Privacy advocates have claimed that the European Union is planning to bring in sweeping changes to the laws that govern data retention and privacy in the EU, compelling the long-term storage of users' communications traffic data and making this information available to EU governments.
Statewatch, a UK Internet-based organisation that monitors threats to civil liberties within Europe, said on Monday that European governments are planning to force all of Europe's telephone and mobile network operators and Internet service providers (ISPs) to store details of their customers' communications traffic data for up to two years.
This data, which would include records of Web use, emails and phone calls, would be made available to governments and law enforcement agencies.
The European Parliament is currently debating changes to the 1997 EU Directive on privacy in telecommunications, which governs existing laws on communications data retention. This directive states that traffic data can only be retained for billing purposes, and must then be deleted.
European governments were expected to agree to changes to the 1997 directive that would allow individual countries to bring in laws forcing communications firms to retain data.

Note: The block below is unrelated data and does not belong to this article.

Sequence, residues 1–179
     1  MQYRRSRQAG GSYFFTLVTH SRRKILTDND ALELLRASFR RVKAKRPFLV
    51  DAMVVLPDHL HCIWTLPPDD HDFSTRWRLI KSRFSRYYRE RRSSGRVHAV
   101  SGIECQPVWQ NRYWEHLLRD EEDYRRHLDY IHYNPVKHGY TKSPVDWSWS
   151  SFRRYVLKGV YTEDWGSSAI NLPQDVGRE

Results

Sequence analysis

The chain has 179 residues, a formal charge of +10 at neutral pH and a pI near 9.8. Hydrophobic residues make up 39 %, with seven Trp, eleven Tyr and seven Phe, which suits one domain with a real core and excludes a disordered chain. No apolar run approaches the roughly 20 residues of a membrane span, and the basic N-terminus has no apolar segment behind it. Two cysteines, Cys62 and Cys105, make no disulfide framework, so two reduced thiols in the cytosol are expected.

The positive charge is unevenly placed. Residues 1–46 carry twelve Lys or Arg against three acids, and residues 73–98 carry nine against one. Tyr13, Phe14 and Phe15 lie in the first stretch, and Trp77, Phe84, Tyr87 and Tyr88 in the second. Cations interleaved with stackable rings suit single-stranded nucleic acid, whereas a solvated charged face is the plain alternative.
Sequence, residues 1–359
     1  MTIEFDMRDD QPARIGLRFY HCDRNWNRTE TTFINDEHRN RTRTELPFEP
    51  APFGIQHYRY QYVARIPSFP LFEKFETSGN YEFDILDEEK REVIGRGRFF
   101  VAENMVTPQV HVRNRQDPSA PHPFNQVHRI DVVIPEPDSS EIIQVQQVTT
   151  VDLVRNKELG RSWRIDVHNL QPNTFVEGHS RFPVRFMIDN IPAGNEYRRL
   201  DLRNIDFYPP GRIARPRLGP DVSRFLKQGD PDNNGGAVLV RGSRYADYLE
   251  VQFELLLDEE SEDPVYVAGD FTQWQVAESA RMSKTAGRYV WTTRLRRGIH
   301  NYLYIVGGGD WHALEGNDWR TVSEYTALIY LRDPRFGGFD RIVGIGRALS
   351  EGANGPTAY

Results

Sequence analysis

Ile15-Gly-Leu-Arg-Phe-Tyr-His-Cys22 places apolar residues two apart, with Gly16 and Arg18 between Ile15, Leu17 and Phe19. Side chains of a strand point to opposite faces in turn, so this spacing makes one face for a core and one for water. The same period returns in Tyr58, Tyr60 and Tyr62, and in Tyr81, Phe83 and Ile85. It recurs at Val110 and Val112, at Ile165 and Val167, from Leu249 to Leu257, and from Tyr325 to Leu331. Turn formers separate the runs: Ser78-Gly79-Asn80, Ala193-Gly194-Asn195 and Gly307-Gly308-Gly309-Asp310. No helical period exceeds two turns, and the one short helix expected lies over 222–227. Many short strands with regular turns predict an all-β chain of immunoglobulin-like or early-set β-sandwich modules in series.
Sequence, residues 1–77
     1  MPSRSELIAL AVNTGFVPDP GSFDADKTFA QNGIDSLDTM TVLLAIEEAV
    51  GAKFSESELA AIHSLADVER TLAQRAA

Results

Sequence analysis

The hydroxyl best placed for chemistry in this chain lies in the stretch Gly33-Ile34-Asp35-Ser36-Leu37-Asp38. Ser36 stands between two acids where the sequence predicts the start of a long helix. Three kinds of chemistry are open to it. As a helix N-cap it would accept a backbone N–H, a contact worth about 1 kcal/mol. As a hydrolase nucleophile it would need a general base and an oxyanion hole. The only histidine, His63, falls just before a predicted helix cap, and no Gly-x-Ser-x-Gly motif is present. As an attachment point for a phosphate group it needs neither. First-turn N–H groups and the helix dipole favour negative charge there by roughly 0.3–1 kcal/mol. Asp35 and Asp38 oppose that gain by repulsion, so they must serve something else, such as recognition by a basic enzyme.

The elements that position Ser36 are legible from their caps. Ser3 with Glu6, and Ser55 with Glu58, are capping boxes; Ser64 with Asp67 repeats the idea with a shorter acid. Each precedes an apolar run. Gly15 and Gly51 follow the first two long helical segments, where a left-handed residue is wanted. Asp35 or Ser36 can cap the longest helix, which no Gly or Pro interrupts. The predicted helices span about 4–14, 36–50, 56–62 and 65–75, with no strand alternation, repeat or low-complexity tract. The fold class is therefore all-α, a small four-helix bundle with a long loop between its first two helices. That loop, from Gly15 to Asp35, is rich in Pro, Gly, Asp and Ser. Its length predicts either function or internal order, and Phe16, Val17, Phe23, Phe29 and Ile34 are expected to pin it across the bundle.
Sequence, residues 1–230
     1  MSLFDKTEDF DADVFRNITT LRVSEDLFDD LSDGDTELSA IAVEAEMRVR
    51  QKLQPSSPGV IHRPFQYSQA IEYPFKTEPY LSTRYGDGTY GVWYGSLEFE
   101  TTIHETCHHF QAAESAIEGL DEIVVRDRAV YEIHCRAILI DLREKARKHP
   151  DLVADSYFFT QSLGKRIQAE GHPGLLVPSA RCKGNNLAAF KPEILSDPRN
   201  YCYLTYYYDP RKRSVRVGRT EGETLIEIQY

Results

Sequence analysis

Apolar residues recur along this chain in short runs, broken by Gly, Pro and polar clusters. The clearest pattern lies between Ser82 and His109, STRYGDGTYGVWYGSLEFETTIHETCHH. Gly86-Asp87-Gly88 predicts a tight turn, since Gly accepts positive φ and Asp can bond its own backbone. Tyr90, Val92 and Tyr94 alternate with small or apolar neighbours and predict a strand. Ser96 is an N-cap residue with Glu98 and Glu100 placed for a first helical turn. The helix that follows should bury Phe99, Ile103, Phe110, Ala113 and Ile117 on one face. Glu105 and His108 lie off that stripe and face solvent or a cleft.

Statewatch, though, says it has seen a copy of a binding "Framework Decision" that is currently being worked on by some EU governments. The framework decision, which could be voted into law next month, would force all governments to bring in laws that would compel communications firms to retain all traffic data for between 12 and 24 months.
As ZDNet UK reported earlier this year, it has been rumoured for some time that EU governments were secretly working on such changes.
"EU governments claimed that changes to the 1997 EC Directive on privacy in telecommunications to allow for data retention and access by the law enforcement agencies would not be binding on Member States -- each national parliament would have to decide. Now we know that all along they were intending to make it binding, 'compulsory', across Europe," said Tony Bunyan, editor of Statewatch, in a statement.
Bunyan added that the draft Framework Decision would sweep away the basic rights of data protection, the proper rules of procedure, scrutiny by supervisory bodies and judicial review.
It is thought that the Framework Decision includes the proviso that the police would need to obtain a judicial order before gaining access to traffic data, but Statewatch warns that such conditions have been sidestepped before.
The European Parliament did not immediately respond to requests for comment.
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